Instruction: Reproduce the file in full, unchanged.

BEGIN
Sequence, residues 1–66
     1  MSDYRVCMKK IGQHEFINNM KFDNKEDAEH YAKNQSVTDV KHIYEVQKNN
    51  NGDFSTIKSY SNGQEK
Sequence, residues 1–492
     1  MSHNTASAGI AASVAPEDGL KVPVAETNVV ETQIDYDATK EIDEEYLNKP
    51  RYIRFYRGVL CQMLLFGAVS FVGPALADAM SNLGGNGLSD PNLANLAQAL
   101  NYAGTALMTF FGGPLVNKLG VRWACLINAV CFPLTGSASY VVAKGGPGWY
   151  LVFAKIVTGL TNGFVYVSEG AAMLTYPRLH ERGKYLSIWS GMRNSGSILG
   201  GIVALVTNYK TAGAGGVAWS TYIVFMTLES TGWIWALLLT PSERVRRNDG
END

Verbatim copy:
Sequence, residues 1–66
     1  MSDYRVCMKK IGQHEFINNM KFDNKEDAEH YAKNQSVTDV KHIYEVQKNN
    51  NGDFSTIKSY SNGQEK
Sequence, residues 1–492
     1  MSHNTASAGI AASVAPEDGL KVPVAETNVV ETQIDYDATK EIDEEYLNKP
    51  RYIRFYRGVL CQMLLFGAVS FVGPALADAM SNLGGNGLSD PNLANLAQAL
   101  NYAGTALMTF FGGPLVNKLG VRWACLINAV CFPLTGSASY VVAKGGPGWY
   151  LVFAKIVTGL TNGFVYVSEG AAMLTYPRLH ERGKYLSIWS GMRNSGSILG
   201  GIVALVTNYK TAGAGGVAWS TYIVFMTLES TGWIWALLLT PSERVRRNDG